Every few months or so, I feel the need to purge all of my belongings and get rid of things that I no longer use.
I also tend to get rid of clothes that just aren’t working for me anymore or that no longer fit my style. It feels like it’s easier to do with clothes, but recently I started trying to streamline all of my household items, too.
My latest area that I’ve decided to tackle is my random assortment of reusable grocery bags. Lately, my tote collection is just some ugly random bags that I got for free and a lot of bags from the company that I work for. It’s not a particularly pretty collection, nor do any of the bags match. So, when I got some vintage fabric that was my Nonnie’s, I decided it would be perfect for some new tote bags.
While I was cutting out some patterns last weekend, I was trying my best to use all the fabric that I had. I had a decent amount leftover and I knew that I wanted to clean out my stash of reusable bags, so the idea to make some tote bags was born. I was hit with a burst of inspiration when I realized that these bags would be the perfect opportunity to practice some embroidery. I’ve been working on a small cross-stitch that I got for Christmas and wanted to keep experimenting with different designs. So, I just figured out a very cute way to replace my old ugly grocery bags while practicing a new skill and making the bags pretty.
I wanted to keep all of my bags within a fruit/floral theme, so I searched Pinterest for a lot of embroidery inspiration. You can see all of the options that I’ve pinned here which will hopefully inspire you, too! If you’re new to embroidery or cross-stitch, these kits are a super cute way to try it out!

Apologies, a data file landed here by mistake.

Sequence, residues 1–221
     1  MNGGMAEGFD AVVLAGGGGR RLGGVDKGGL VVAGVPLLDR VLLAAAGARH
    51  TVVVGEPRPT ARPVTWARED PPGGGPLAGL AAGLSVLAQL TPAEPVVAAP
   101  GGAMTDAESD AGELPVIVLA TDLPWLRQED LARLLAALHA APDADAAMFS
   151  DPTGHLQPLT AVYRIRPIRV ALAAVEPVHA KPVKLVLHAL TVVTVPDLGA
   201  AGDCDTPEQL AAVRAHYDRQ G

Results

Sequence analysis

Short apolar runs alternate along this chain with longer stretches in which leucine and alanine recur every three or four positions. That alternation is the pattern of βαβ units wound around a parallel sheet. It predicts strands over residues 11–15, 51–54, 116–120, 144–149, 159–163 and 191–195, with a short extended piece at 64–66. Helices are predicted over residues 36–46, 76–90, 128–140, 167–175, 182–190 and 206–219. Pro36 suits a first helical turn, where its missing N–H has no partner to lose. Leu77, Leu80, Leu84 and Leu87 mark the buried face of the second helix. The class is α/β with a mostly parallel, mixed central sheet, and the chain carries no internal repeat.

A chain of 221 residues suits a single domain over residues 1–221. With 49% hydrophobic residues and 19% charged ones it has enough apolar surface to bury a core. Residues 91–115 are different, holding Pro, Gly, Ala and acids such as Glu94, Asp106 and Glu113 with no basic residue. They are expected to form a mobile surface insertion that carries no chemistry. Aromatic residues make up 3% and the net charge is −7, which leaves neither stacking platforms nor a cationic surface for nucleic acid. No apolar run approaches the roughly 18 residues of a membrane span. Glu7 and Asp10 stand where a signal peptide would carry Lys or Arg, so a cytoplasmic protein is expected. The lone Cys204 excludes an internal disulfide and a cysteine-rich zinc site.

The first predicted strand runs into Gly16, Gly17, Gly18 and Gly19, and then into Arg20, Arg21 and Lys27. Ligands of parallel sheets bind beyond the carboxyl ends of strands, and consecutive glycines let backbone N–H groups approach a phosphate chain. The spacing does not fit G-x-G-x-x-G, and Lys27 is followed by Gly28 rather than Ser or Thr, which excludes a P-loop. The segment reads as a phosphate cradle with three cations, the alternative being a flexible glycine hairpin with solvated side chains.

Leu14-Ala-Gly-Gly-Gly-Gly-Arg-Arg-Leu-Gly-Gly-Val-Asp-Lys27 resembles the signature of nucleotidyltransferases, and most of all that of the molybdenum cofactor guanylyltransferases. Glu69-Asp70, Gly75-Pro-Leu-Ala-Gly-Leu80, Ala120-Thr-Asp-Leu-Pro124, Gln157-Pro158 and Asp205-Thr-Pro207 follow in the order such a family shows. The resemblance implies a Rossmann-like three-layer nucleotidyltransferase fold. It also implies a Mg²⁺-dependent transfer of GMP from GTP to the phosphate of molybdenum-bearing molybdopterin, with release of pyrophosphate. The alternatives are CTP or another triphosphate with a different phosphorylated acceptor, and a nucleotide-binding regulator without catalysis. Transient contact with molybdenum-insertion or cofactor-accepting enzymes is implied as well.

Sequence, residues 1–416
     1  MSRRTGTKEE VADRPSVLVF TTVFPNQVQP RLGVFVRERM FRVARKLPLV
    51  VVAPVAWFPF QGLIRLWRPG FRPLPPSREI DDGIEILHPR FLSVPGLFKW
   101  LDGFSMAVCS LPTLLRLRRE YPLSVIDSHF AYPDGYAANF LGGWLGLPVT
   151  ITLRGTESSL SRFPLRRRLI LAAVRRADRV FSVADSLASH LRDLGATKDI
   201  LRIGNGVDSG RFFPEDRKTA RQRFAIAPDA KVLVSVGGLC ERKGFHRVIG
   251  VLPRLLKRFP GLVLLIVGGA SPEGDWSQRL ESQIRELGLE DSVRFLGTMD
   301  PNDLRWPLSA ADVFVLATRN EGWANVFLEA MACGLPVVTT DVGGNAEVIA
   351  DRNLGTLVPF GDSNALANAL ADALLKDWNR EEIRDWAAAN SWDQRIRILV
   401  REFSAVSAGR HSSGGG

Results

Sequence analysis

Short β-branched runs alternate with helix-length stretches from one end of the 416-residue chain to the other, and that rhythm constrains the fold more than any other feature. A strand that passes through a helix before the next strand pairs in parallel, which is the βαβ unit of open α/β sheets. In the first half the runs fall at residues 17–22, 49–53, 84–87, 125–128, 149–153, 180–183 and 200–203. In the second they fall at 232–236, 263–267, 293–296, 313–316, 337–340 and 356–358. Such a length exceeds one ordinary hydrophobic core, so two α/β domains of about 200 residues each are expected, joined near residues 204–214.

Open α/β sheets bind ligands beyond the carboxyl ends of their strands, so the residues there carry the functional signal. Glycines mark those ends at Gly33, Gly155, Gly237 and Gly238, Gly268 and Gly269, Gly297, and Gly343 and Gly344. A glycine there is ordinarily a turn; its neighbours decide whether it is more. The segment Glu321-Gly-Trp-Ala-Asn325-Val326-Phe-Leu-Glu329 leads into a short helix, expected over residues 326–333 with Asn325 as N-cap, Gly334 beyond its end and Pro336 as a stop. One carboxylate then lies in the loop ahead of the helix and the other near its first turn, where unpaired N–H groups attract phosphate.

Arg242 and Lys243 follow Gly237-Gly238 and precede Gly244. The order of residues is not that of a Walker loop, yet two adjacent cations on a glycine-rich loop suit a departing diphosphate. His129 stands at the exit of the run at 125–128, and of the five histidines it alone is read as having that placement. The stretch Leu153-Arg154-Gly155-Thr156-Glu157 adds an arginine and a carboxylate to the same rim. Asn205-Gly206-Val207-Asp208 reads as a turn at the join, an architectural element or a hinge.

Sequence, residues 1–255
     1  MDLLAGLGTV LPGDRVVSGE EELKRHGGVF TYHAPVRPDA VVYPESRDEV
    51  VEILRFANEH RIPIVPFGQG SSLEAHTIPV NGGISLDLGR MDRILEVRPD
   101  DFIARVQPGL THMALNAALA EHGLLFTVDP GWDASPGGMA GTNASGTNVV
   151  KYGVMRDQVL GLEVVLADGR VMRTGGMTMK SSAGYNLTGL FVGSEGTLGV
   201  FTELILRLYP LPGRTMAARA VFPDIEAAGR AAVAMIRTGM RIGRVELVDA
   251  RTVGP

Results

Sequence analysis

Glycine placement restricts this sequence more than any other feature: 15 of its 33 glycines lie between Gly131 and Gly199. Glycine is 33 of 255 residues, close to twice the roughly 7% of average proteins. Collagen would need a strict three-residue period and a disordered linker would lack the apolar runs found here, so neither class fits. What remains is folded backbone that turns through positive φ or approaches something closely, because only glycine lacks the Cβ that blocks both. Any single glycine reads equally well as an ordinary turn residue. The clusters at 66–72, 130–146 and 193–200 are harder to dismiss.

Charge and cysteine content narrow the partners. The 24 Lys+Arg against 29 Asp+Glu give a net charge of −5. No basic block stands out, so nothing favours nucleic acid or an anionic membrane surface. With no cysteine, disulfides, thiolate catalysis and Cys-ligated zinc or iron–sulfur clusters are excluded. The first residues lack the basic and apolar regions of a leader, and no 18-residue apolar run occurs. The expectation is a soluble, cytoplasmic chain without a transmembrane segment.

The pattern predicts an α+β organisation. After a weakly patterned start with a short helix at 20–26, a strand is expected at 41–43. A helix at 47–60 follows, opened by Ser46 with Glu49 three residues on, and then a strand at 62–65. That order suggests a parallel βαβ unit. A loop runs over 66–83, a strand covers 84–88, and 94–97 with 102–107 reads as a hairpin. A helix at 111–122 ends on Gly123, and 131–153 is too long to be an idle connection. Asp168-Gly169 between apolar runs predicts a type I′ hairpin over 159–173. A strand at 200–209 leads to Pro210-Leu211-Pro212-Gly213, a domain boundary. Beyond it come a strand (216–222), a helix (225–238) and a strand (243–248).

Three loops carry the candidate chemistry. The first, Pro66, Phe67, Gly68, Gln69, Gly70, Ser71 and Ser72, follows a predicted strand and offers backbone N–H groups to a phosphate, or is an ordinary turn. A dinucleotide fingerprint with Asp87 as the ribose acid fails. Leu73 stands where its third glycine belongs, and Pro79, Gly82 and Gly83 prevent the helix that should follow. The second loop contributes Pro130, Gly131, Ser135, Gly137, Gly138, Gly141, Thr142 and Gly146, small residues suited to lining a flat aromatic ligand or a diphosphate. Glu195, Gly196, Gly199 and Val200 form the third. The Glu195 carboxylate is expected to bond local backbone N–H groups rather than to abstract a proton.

Notes on Supplies – Fabric
These bags are super easy to make and should come together in about an hour, not including the embroidery. When buying fabric, I’d recommend a medium to heavyweight cotton or canvas fabric in any colour of your choice. Darker colours won’t get dirty as fast, but white is the first fabric that I cut out. You’re going to want to buy some fusible interfacing for the straps of the bag, but aside from that, there aren’t any fancy supplies to buy.
Notes on Supplies – Tools
The embroidery that you do will be completely up to you, but I’ll walk you through the embroidery that I did. One of the best things I’ve invested in is an erasable marker. I used this to roughly draw out my designs on the lighter fabric and it really helped me to keep things centred and even. For the darker fabrics, I would use dressmaker’s chalk. I also love using a rotary cutter and mat to cut out my fabric, but if you have scissors then that works, too!
Anyways, here’s my tutorial for a super cute lemon embroidered tote bag!
DIY Lemon Embroidered Tote Bag
- 1/2 yard medium-heavyweight cotton or canvas fabric in white
- 1/4 yard fusible interfacing (you won’t use this much, but often can’t buy a smaller amount)
- white thread
- an iron & ironing board
- embroidery floss in pale yellow and a yellow-green. I used an entire skein of yellow and only about 1/6 of the green.
- a tapestry needle
- erasable marker
- 6″ embroidery hoop
- First, you’re going to want to cut out your fabric. We need 3 pieces for the bag. For the straps, cut 2 pieces of fabric and interfacing that measure 4″ x 24″. For the main portion of the bag, cut one piece that measures 14″ x 30″.
- Fuse your interfacing to the wrong side of the strap pieces and set them aside.
- At this point, I highly recommend serging the edges of your bag piece so that they don’t fray while you’re embroidering. A zig-zag stitch on the edges works as well.
- Now, take your fabric for the bag and fold it in half so that it measures 14″ x 15″. One side will be the front of your tote and the other will be the back. Mark where the halfway point is.